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Solar Panel Installation Tips
Solar panels aren't the hardest thing in the world to install but there are a few tips and hints that can make your job that much easier. Once you have the system designed and your solar panels, panel mounting brackets, and charge controller are all picked out all you need is few basic items to finish the installation.
Mounting the Panels:
Regardless of whether you decide to use the popular flat mount Z brackets or the adjustable flip-up brackets you will still have to fasten the brackets to the roof. Solar panels are perfect for mounting on a fiberglass RV roof. The panels themselves attach to the aluminum Z brackets with bolts. Because these panels can vibrate when traveling down the road the nuts do have the potential to loosen up over time. For this reason it's advisable to use nylon lock nuts to prevent this from happening. Also, use the larger USS series of flat washers rather than the smaller SAE series of flat washers. This will give you good clamping area on the aluminum brackets and minimize any stress cracking by spreading the force out over a larger area.
The next step is to mount the brackets to the fiberglass roof. Fiberglass is all that thick and installing screws into the roof isn't the best choice because the fiberglass material is relatively soft and the threads may pull out so that the screws aren't holding anything. On a thicker rubber over plywood roof screws may work fine but they just aren't that great on thinner materials. In this case a pop rivet is a better choice. The advantage to a rivet is that the back side of the rivet expands when compressed in the riveting tool. This forms a "knob" on the backside of the material which has much better holding power than a threaded fastener in this situation. Be sure to use 3/16" diameter stainless steel rivets with stainless mandrels. Because the mandrel will remain in the hole you don't want a steel mandrel which could rust. When you are all done by sure to use plenty of self-leveling RV caulking both underneath the brackets and over the top of the finished rivet heads.
Running the Wire:
When purchasing wire you need to decide how large of a wire gauge you will need and what type of wire you will use. Take your total solar array wattage and divide by 10 volts. This will give you the maximum amperage that will be carried on your wiring. For example - two 120 watt panels could pass a current of 24 amps. Four panels could pass a current flow of 48 amps.
Charge Controllers generally come in 30 amp and 50 amp models. Be sure to allow for any future expansion when planning both your wire gauge size and which charge controller to buy. Refer to our topic on MPPT Charge Controllers for more information pertaining to them. So, if you plan to start out with 240 watts of solar panels and possibly upgrade to another 2 panels later on, you'd better size your wiring and charge controller accordingly or else you'll be replacing everything when that time comes. The following shows the ampacity of various wire gauge sizes:
Now that you have the wire gauge chosen, it's time to select what kind of wire you need. You don't need anything fancy to carry the power. Any automotive based low voltage wire is fine. However, you will need to protect this wire from damage. Standard GPT automotive wire is not very resistant to heat or sunlight. GXL wire is a better choice. You also need to protect that wire. You can run the GXL primary wire inside plastic wiring loom then use rubber coated hose clamps to secure fasten it to the RV's roof. Or you can use a pre-shielded cable, such as boat cable, which is commonly used in marine applications. This cable is very similar to the non-metallic shielded cable used in residential construction except it is designed for low voltage use and uses stranded wire, which is more flexible and easier to route than a solid conductor shielded cable. This cable is easier to use because you don't have to wrap a separate layer of wire loom around it.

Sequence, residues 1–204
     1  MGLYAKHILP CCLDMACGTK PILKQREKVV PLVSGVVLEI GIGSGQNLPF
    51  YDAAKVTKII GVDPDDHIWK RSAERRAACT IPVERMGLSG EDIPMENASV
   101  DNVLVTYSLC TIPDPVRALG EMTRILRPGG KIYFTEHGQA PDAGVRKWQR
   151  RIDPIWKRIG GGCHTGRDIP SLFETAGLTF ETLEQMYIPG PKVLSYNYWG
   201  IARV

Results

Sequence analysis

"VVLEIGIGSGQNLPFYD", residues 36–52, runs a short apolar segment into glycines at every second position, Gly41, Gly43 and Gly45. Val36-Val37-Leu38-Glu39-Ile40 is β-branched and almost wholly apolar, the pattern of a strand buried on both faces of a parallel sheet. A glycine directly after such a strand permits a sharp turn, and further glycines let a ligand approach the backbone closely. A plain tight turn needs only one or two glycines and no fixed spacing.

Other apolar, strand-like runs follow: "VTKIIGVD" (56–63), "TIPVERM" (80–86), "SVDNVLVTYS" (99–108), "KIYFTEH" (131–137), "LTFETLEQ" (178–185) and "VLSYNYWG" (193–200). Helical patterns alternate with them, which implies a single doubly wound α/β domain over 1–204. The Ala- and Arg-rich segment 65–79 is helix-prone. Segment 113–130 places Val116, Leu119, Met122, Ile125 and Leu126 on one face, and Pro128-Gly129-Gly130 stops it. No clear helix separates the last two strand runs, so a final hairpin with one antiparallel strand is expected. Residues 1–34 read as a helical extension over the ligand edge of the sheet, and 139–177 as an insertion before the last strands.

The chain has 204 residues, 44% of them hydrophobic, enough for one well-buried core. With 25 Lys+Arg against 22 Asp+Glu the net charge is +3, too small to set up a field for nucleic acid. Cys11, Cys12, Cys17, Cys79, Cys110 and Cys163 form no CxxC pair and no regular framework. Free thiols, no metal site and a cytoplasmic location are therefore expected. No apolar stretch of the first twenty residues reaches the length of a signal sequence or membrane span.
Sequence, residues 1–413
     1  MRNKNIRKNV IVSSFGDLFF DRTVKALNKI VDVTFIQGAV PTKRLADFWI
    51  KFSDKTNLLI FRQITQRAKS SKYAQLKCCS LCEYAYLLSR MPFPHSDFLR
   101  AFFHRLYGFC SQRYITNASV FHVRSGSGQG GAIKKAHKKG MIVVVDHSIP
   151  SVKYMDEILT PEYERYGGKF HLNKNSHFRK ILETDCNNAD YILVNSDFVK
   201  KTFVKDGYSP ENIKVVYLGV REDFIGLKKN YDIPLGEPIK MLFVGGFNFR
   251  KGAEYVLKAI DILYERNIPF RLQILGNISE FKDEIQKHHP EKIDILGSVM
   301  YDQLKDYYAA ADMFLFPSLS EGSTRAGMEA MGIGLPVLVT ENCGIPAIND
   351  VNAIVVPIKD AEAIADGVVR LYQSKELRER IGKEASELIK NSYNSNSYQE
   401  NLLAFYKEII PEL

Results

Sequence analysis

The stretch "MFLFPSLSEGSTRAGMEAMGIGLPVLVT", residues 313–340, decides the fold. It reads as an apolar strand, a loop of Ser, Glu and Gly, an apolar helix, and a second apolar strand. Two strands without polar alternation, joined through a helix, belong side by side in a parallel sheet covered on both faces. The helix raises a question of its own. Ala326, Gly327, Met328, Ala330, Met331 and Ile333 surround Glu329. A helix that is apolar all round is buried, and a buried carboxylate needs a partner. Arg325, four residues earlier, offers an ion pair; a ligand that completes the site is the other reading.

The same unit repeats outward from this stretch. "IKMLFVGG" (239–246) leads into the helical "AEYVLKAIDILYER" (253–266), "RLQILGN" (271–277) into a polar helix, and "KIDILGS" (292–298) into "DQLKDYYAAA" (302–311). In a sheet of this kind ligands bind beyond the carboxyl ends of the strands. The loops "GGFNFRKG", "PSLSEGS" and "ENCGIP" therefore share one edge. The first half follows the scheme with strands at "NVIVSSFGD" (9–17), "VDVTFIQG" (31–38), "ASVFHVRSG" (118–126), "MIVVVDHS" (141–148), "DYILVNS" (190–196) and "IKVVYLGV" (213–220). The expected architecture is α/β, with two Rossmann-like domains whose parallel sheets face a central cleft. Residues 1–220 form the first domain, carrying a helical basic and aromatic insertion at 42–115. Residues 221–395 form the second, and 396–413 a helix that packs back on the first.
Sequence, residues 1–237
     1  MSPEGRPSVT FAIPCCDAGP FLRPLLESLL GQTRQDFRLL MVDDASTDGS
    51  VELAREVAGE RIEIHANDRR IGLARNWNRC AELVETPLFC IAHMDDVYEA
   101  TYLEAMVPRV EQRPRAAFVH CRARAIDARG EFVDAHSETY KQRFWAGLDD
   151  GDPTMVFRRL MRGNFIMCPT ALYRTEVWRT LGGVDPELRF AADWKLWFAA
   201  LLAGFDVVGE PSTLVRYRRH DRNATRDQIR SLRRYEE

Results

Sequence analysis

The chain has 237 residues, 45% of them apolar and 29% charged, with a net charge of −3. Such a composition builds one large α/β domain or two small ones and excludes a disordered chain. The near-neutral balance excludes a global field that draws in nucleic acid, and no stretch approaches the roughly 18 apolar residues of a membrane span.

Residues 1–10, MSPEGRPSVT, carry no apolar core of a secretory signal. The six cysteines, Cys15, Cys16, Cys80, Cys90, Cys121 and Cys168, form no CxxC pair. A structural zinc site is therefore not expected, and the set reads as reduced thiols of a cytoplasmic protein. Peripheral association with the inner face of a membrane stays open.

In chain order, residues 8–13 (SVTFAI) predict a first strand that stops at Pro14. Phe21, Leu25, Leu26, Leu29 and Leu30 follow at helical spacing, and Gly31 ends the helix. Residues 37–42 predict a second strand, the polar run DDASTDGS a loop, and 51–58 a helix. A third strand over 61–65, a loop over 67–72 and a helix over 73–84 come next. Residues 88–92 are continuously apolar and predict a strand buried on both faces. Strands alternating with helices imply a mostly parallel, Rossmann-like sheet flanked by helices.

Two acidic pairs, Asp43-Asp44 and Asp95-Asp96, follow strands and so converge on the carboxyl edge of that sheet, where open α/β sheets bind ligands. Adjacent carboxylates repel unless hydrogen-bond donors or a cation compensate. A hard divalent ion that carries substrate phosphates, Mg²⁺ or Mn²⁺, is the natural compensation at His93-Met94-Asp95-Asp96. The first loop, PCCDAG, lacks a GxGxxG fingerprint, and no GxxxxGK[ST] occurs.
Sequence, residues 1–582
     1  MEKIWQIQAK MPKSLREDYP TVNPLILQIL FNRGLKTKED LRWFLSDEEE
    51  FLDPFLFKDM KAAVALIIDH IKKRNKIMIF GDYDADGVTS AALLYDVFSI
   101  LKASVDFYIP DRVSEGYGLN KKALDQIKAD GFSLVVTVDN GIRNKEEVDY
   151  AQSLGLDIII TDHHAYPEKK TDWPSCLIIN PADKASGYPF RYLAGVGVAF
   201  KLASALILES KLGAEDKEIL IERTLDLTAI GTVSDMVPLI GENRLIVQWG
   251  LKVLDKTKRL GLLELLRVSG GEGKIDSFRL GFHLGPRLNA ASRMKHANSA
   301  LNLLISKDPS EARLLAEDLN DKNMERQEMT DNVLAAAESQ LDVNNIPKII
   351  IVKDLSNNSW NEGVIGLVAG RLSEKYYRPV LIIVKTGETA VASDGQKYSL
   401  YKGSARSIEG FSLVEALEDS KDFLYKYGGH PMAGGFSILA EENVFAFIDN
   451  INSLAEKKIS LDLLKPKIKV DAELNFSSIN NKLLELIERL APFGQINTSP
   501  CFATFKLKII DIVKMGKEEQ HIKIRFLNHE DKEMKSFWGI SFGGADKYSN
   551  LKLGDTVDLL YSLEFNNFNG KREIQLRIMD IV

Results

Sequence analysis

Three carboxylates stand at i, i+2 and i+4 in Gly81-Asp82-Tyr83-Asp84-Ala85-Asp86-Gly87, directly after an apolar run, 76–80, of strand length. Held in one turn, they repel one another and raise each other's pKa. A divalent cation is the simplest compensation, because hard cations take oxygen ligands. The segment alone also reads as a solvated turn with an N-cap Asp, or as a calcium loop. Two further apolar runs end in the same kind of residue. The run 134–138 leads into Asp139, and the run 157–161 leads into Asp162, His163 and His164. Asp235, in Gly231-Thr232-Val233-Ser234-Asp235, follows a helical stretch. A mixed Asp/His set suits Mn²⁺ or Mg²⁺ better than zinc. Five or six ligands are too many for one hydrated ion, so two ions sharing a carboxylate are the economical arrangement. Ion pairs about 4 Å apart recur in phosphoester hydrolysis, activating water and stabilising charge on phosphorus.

You also need to get from the roof down to your charge controller, and eventually the batteries. The most popular method is to drill a hole through the refrigerator's roof vent and go down through that area. Be sure to securely fasten the cable away from the hot refrigerator coils to prevent heat damage to the wire. Once you are down past the refrigerator it is generally an easy task to punch through the floor and down into either the kitchen cabinets or basement areas.
Next you will run the cable down to your charge controller. The charge controller is an electronic device so you don't want to locate it next to your batteries or in any area exposed to the elements. It does not generate any sizeable heat though so it need not be placed in a well ventilated compartment. Most charge controllers also feature an optional remote control panel that can be located inside the coach in a convenient location to monitor your solar array status. This panel is connected to the charge controller via a small cat5 data cable.
After leaving the charge controller, the cable now gets connected to your battery bank. You can either run it to the disconnect switch or direct to the batteries. Most RVers run it direct so that the batteries can continue to be charged when the vehicle is in outside storage.
For your reference here is a link to the Installation Manual for the charge controller I used in my installation. Others are similar. Also shown is a link to the Shell-Siemens SM110 solar panel specs. That will give you a general idea as to the physical size and wiring requirements as well as performance ratings of that particular panel. Other panels and charge controllers will be similar. The third item is a quick schematic of how the system on my 2004 Allegro Bus was laid out.
Submitted by Mark Quasius - 2/23/06
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